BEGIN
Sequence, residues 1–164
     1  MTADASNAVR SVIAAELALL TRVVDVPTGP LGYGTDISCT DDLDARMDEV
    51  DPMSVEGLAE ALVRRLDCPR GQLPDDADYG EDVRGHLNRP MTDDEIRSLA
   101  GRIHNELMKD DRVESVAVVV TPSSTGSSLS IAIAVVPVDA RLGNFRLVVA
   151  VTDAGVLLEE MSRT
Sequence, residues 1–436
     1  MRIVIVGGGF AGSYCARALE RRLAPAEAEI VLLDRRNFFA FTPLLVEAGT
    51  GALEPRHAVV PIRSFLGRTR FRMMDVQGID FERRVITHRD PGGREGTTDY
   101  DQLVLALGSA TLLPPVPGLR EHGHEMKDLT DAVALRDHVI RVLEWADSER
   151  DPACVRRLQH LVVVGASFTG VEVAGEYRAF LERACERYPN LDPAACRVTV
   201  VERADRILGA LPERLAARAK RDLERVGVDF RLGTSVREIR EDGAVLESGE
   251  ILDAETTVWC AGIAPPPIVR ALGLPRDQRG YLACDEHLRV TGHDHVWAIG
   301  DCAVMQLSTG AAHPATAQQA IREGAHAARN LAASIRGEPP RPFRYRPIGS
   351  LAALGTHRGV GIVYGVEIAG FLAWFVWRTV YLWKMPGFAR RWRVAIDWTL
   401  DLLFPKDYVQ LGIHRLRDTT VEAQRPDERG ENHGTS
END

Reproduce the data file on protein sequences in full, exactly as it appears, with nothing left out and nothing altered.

Sequence, residues 1–164
     1  MTADASNAVR SVIAAELALL TRVVDVPTGP LGYGTDISCT DDLDARMDEV
    51  DPMSVEGLAE ALVRRLDCPR GQLPDDADYG EDVRGHLNRP MTDDEIRSLA
   101  GRIHNELMKD DRVESVAVVV TPSSTGSSLS IAIAVVPVDA RLGNFRLVVA
   151  VTDAGVLLEE MSRT
Sequence, residues 1–436
     1  MRIVIVGGGF AGSYCARALE RRLAPAEAEI VLLDRRNFFA FTPLLVEAGT
    51  GALEPRHAVV PIRSFLGRTR FRMMDVQGID FERRVITHRD PGGREGTTDY
   101  DQLVLALGSA TLLPPVPGLR EHGHEMKDLT DAVALRDHVI RVLEWADSER
   151  DPACVRRLQH LVVVGASFTG VEVAGEYRAF LERACERYPN LDPAACRVTV
   201  VERADRILGA LPERLAARAK RDLERVGVDF RLGTSVREIR EDGAVLESGE
   251  ILDAETTVWC AGIAPPPIVR ALGLPRDQRG YLACDEHLRV TGHDHVWAIG
   301  DCAVMQLSTG AAHPATAQQA IREGAHAARN LAASIRGEPP RPFRYRPIGS
   351  LAALGTHRGV GIVYGVEIAG FLAWFVWRTV YLWKMPGFAR RWRVAIDWTL
   401  DLLFPKDYVQ LGIHRLRDTT VEAQRPDERG ENHGTS